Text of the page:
Cultural context. Cultural adaptation. Cultural appropriation. Culture change. Culture is king. I have lost some of you already…

If you are like me you get to hear some form of ideology on culture on a regular basis. If you are further like me, you also enjoy asking questions about culture; what it is, how it impacts us, how it changes, how others become part of it. More often than not, if you are experiencing a culture to which you belong, you are almost unable to differentiate key parts of your culture. In other words, can you explain what makes your culture unique?

That last part is probably the most fun to discern with someone.

Taking my post from last week on values to the next level, it is important to look at our culture and occasionally discuss what is true to our values. And the next step is to discuss how our culture impacts those within, and of course, those on the outside. Your culture may be more defined and exclusive than you first imagined.

It is helpful at this point to clarify all the overlapping cultures of which you are a part. As an individual you hold stories and truths which apply to ever broadening circles of influence going outward.

  • It starts with what you call family, then
  • School or work
  • The group you call friends (and that could be different for each friendship group to which you belong)
  • Your community
  • Your faith group
  • Your team
  • Your nation

And on and on you could go, discerning more and more groups, each with their own values and ways to be part of ‘us’. And that is the key: What does it mean to be part of us? And what does it mean if you are not? Most of the differences between being ‘in’ or ‘out’ may seem a little fuzzy, because you just know it when you are in it. But a person who is not inside could offer up some answers…if you ask.

When I walk into a new setting culture is the first thing I ‘feel’. You realize things are done differently. Certain words are met with different reaction. The way you do like is just not ‘normal’ because you are a foreign body in the middle of someone else’s ‘normal’. Some scenarios are far more dramatic than others, but at the end of the day, they are still ‘different’. Helping someone see those differences, and how they impact others, can be very helpful in taking that next step in living on mission in their setting.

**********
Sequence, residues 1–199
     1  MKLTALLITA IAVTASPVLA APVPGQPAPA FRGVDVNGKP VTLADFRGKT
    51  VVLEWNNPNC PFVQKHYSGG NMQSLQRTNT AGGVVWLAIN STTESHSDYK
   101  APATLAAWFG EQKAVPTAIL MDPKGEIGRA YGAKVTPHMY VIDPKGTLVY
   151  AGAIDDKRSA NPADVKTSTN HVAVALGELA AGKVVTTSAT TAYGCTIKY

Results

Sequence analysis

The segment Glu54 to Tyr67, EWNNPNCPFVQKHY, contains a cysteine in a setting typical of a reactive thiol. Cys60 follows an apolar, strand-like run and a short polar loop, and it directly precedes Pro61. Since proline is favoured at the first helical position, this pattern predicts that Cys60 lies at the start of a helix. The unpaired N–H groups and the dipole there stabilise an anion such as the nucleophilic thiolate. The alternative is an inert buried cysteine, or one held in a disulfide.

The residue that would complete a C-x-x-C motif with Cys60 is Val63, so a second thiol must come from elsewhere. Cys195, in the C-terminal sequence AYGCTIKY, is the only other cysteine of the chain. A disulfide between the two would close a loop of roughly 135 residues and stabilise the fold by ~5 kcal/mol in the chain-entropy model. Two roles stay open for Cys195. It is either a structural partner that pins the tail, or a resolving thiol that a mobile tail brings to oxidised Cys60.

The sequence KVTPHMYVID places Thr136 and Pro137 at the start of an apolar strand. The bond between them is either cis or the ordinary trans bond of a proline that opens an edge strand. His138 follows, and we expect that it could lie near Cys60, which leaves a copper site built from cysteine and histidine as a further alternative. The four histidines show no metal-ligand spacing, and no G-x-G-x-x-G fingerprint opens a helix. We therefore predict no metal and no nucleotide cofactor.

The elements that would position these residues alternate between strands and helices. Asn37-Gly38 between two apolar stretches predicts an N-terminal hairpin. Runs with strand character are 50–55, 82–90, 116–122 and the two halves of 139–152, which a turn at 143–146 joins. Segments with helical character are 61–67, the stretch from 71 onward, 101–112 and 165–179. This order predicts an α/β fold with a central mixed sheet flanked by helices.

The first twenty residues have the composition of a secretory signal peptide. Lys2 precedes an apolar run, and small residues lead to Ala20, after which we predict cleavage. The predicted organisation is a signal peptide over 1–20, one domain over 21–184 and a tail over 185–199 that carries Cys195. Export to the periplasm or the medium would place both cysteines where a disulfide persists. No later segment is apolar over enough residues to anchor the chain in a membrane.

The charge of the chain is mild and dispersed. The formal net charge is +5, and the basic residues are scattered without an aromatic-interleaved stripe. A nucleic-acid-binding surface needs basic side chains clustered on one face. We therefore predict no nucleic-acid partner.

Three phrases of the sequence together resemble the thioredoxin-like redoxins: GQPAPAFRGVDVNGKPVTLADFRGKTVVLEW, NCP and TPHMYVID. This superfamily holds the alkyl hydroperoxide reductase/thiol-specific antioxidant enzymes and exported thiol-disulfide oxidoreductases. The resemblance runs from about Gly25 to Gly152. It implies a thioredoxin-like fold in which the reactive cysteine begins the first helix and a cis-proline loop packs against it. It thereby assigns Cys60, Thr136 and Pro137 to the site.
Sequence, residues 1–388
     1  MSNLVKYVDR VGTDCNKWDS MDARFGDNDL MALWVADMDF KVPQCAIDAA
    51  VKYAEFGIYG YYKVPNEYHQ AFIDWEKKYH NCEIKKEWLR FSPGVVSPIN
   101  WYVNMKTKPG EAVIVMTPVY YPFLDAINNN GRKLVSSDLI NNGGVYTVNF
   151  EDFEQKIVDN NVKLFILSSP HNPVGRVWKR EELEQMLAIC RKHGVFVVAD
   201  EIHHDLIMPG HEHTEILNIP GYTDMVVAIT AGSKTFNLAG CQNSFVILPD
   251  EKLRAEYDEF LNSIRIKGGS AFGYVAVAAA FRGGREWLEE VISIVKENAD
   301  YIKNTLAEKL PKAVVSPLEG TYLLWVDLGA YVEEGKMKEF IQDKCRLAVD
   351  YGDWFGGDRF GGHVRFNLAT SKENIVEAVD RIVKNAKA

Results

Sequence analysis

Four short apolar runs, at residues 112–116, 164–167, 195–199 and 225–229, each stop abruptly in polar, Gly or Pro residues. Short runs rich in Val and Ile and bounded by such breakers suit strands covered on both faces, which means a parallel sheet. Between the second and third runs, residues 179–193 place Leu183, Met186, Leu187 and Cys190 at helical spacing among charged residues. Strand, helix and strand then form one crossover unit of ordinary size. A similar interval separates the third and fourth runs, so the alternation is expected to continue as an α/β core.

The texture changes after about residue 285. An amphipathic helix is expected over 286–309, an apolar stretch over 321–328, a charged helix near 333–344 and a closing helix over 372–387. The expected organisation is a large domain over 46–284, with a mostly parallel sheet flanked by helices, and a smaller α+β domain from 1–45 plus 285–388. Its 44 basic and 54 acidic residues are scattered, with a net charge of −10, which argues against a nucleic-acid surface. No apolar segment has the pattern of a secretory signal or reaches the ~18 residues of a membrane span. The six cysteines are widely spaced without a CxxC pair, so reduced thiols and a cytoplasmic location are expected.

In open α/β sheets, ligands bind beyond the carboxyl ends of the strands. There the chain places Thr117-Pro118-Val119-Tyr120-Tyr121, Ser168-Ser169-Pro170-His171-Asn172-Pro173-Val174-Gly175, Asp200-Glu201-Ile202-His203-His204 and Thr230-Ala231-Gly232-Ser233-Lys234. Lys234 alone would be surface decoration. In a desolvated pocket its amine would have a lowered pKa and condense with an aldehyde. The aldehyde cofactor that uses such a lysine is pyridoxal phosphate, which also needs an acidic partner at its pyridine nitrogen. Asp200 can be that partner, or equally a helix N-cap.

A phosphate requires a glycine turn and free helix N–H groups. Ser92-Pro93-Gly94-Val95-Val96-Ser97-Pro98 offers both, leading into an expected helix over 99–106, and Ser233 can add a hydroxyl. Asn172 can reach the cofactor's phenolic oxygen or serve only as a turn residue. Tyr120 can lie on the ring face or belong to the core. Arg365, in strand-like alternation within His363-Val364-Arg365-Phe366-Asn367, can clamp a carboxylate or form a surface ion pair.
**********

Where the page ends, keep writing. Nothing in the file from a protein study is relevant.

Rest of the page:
One of my main topics in facilitating communication is the comparison between UNDERSTANDING and AGREEMENT. It shows up often because it is so often a key breaking point in how we communicate with one another. When you speak with someone, or you communicate an idea or wish, take a moment to consider whether your desire in the moment is to have the person agree with you, or understand what you are saying. If you are only seeking agreement, rarely will the person fully understand you, but they will definitely capture the value behind your words. Many become agreeable simply because of the implication attached to not fully understanding. To understand someone, to take the time to be understood, and still not arrive at agreement, is a key component in healthy community. Many cultures, especially in created circumstances like a church group, quite easily fall into a passive cultural pattern, where understanding is subverted and unspoken, but agreement is assumed.

So when I am invited into another’s culture I try to communicate:

  • UNDERSTANDING – Sometimes even better than the people who are living within it! Many have never had someone observe openly from the ‘outside’, so I want to make sure I express understanding of the ‘how/what’ of their normal
  • AGREEMENT – This may be what is necessary for them to strive in community with one another, but it is not necessary for me to walk with them. In order to facilitate change and whatever the next chapter in their story might be, I need to understand them, but agreement is not part of the deal.

So what is important to you as you enter the space of another? Take a learning tour of what they represent, gain understanding, and then you can discuss agreement. A community that allows disagreement is one which allows for growth and greater unity in the long run.

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